The devastated girlfriend of the Charlie Hebdo's murdered editor Stephane Charbonnier - nicknamed Charb - has told French TV that she always feared he would be targeted.
Jeannette Bougrab, 41, lived with Charbonnier for three years until he was killed in Wednesday's attack on the satirical French magazine.
Paying tribute to his idealism, she said she believed, as he did, in what he was doing.
She told French news channel TF1: "I haven't lost Charlie Hebdo, I've lost a loved one.
"I'm not here as a former government minister but as a woman who's lost her man - murdered by barbarians.
"I admired him before I fell in love with him and I loved him because he was like that, because he defied things.
"He saw life as a small thing when you need to defend your ideals.
"Do you know people today who would die for their ideas? No. Because they've just died. They've just been murdered. And they didn't do anything."
And she believes in what he spent his life doing so much she would exchange places with him.
"I wish I could be in his place and give my life rather than it be him that has gone. I wish I could take his place so he could keep fighting."
Ms Bougrab, a lawyer, revealed she always feared her lover would be murdered - just as Dutch cartoonist Theo Van Gogh was in 2004, according to Britain's Daily Mirror.
He had been particularly threatened since publishing controversial cartoons of the Prophet Muhammad in November 2011.
In a second interview with BFMTV, she said: "I always felt he was going to die like Theo Van Gogh.
"I pleaded with him to leave France but he wouldn't. My partner is dead - murdered because he did drawings in a newspaper.
"He died standing up for what he believed in. They died so we could remain free in France.
"He defended secularism. He defended the spirit of Voltaire. He, in fact, was really the embodiment of this ideal of the Republic we've almost forgotten.
"He died, executed with his comrades, as he would call them.
"If I was President I'd give them the Pantheon."
Situated in the Latin quarter of Paris, the Pantheon is the burial place of France's 'great men'.
Ms Bougrab, a lawyer, former French Secretary for Youth and Community Life and now a member French National Council of State, was told of the shooting during a state meeting.
She sent a flurry of text messages and phone calls as she desperately tried to contact Mr Charbonnier, the Mirror said..
Ms Bougrab told BFMTV: "I sent him a text, a second text, a third text - then I phoned him. He wasn't answering and he never did that.
"When I got there we weren't allowed to get in through the cordons. I learned there he was dead."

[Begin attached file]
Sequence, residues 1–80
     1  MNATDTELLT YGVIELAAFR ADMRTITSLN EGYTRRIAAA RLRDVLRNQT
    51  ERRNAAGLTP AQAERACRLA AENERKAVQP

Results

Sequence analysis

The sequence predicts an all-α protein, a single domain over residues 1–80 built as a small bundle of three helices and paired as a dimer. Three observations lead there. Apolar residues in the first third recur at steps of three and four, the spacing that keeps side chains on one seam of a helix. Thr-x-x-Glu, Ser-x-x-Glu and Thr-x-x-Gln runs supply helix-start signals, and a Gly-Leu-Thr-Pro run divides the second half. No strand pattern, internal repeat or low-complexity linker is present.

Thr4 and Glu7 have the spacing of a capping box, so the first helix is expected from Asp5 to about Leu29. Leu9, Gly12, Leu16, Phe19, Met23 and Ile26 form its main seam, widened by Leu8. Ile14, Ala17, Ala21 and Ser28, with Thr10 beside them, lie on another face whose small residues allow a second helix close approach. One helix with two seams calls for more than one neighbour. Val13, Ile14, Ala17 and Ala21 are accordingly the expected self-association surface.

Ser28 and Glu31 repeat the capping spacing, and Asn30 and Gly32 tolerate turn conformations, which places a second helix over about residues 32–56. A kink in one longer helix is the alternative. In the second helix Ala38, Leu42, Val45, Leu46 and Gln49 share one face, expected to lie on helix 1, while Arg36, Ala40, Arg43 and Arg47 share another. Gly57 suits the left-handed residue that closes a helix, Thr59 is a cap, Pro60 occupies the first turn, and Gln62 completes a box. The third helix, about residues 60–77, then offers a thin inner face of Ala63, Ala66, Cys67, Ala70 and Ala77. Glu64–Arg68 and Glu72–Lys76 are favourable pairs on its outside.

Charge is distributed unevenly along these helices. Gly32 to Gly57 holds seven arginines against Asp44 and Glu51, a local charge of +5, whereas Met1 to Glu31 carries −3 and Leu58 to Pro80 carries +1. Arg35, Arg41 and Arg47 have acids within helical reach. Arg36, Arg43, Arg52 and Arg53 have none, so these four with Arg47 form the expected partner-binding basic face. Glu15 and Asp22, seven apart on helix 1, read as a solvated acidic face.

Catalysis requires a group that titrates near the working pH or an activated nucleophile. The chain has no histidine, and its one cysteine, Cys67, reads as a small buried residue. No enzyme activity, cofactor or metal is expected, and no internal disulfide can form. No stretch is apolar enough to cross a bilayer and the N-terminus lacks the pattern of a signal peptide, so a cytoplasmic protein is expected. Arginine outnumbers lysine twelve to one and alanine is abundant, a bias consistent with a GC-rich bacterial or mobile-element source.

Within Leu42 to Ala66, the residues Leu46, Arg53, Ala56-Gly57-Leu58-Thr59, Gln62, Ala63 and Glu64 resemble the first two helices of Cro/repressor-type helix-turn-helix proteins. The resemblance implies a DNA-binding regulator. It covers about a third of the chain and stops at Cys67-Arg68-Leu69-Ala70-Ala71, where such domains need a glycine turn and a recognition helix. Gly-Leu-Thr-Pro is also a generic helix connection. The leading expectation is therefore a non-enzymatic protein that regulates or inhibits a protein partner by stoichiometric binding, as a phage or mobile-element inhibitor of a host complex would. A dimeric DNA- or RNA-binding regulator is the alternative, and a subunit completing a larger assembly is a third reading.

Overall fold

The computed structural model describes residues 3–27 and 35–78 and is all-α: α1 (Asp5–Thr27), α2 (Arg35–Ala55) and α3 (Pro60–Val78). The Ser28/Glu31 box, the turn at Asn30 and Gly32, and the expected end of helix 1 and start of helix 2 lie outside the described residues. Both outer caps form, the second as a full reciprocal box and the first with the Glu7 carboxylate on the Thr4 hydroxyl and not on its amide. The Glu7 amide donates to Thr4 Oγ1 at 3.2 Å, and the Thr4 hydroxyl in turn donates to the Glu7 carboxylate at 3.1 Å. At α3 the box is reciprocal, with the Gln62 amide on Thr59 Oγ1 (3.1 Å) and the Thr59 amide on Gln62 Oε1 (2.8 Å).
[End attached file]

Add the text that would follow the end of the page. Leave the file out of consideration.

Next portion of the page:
And she paid tribute to the Charlie Hebdo staff who lost their lives on Wednesday in the massacre which left 12 dead - including five cartoonists, two police officers
"They were exceptional people, real heroes. I was with a hero I admired. We were totally different politically but he told me I was a Communist who was in denial."
The hunt for the two brothers suspected of launching the attack, brothers Cherif and Said Kouachi, has continued today with a police chase up the N2 motorway toward Charles de Gaulle airport, followed by a siege with hostages taken. There has been a second siege at kosher grocery in eastern Paris, linked to yesterday's murder of a policewoman.
Wednesday's attack on the satirical newspaper led to an outpouring of support around the world as the Je Suis Charlie message went viral.
But Ms Bougrab cannot see it as a sign of victory or hope because her partner has lost his life, and it offers her little comfort.
She said: "Absolutely not, because he's dead. It's absolutely not a victory. It's a defeat.
"It's a tragedy for our country and I cannot take joy from the idea people are demonstrating in the streets because they have torn away the precious being who was my companion in life."
The daughter of Algerian immigrants , Ms Bougrab served under Nicolas Sarkozy and has been described as a 'hard secularist'.
She has not been afraid to criticise religion, particularly Islam. She and Mr Charbonnier both supported France's strong separation of religion and state.
And she warned the lines are less clear in the battles fought in the modern world.
She said: "War today is not a war that is declared. I'm not convinced the measures and legislation available to us today are enough.
"Today the internet and Twitter help hatred spread where anonymous people can decide on fatwas - who lives and who dies - and we haven't necessarily taken appropriate steps.
"I spent 17 days in Pakistan and nothing happened to me, but now in France, where we tell others how to do things, my partner is dead, murdered because he did drawings in a newspaper.
"I would just like somebody to explain what is happening in France. I think some people won't follow the adventures of Charlie because they are terrorised, because they fear for their lives and they know that today in France when you take up a pencil you may be killed. That's what is happening in France today."